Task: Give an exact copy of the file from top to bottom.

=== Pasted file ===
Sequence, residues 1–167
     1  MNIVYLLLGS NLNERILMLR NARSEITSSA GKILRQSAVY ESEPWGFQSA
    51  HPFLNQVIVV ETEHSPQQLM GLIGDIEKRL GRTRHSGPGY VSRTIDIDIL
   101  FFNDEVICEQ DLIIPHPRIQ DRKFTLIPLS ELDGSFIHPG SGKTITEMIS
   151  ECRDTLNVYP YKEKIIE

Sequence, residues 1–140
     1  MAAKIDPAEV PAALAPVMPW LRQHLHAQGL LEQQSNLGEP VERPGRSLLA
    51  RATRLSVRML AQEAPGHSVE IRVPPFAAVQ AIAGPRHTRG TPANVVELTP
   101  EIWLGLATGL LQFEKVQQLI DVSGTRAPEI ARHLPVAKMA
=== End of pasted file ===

Sequence, residues 1–167
     1  MNIVYLLLGS NLNERILMLR NARSEITSSA GKILRQSAVY ESEPWGFQSA
    51  HPFLNQVIVV ETEHSPQQLM GLIGDIEKRL GRTRHSGPGY VSRTIDIDIL
   101  FFNDEVICEQ DLIIPHPRIQ DRKFTLIPLS ELDGSFIHPG SGKTITEMIS
   151  ECRDTLNVYP YKEKIIE

Sequence, residues 1–140
     1  MAAKIDPAEV PAALAPVMPW LRQHLHAQGL LEQQSNLGEP VERPGRSLLA
    51  RATRLSVRML AQEAPGHSVE IRVPPFAAVQ AIAGPRHTRG TPANVVELTP
   101  EIWLGLATGL LQFEKVQQLI DVSGTRAPEI ARHLPVAKMA